How to Design Your Resume in a Word Doc
Get tips and templates from our resident graphic design guru.
A well-designed, easy-to-read resume is crucial for getting noticed in the stack. Take it from our graphic designer, Lizzie—you don’t need to be fluent in (or even own) Adobe Creative Suite to put together an eye-catching resume. She shared her design-savvy tips for building one in Word, and created a few templates, so all you have to do is plug in your info and go.
1. Keep your type small
It will look polished, and you’ll be able to fit more. Keep in mind that usually when you're looking at a print-out, the type appears bigger than it does on a screen. That being said, don’t go too tiny! It needs to be legible. 10 pt. is generally good, but all fonts have different proportions, so always do a test print.
2. Play font favorites
Garamond is a nice alternative to Times New Roman that comes standard with Word. (Like Times New Roman, Garamond is a serif font, which means that it has those little “feet” on the tops and bottoms of each letter.) Corbel and Calibri are nice sans serif fonts (no “feet”), and are more nuanced, delicate alternatives to Arial or Helvetica.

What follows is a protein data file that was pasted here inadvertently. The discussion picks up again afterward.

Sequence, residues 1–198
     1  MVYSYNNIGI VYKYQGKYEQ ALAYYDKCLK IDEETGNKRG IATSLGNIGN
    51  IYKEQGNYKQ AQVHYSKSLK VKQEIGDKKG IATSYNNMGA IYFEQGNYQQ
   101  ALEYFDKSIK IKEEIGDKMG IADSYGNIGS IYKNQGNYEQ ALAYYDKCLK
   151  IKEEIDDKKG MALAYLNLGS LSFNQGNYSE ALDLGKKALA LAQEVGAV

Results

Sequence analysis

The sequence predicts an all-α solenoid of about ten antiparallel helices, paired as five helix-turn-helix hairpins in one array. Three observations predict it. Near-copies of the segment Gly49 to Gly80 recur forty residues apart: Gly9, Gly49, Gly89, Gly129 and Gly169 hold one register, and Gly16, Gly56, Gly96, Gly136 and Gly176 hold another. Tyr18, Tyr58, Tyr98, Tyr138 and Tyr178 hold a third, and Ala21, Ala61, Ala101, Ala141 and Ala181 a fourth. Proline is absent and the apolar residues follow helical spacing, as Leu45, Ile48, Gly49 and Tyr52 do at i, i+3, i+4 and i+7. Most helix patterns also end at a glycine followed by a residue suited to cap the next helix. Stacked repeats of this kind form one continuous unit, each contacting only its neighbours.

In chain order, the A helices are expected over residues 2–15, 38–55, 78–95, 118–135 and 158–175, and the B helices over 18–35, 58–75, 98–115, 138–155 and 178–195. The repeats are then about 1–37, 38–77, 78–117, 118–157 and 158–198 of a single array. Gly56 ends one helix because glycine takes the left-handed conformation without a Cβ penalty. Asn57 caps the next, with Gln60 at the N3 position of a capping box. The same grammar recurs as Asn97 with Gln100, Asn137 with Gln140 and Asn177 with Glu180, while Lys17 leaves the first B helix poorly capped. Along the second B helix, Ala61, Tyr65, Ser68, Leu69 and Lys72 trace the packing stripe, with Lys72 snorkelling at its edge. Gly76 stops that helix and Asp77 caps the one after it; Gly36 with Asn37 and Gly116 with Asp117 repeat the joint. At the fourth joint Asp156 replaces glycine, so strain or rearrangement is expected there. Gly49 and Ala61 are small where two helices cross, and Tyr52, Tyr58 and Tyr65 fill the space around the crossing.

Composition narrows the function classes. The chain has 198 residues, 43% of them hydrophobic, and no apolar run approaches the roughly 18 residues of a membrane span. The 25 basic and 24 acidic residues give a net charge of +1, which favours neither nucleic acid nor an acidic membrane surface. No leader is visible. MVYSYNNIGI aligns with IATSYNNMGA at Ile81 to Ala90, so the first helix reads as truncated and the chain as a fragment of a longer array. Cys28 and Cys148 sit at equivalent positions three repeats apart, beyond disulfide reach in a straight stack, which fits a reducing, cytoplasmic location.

3. Create a hierarchy
Mix type or use one font in different formats (caps, bold, italics and color) to make important information stand out. Too many changes will be distracting, so establish just one change in hierarchy. For example, if something is already bold and a different color, you don’t need to also put it in italics and underline it. That’s overkill. The idea is for the reader to be able to distinguish the different sections and find important information when they scan the page.
4. Adjust your margins
Keep them pretty small. You’ll fit more into the single page, and the default margins are so big that they look goofy. P.S. Get more tips for building a standout resume here!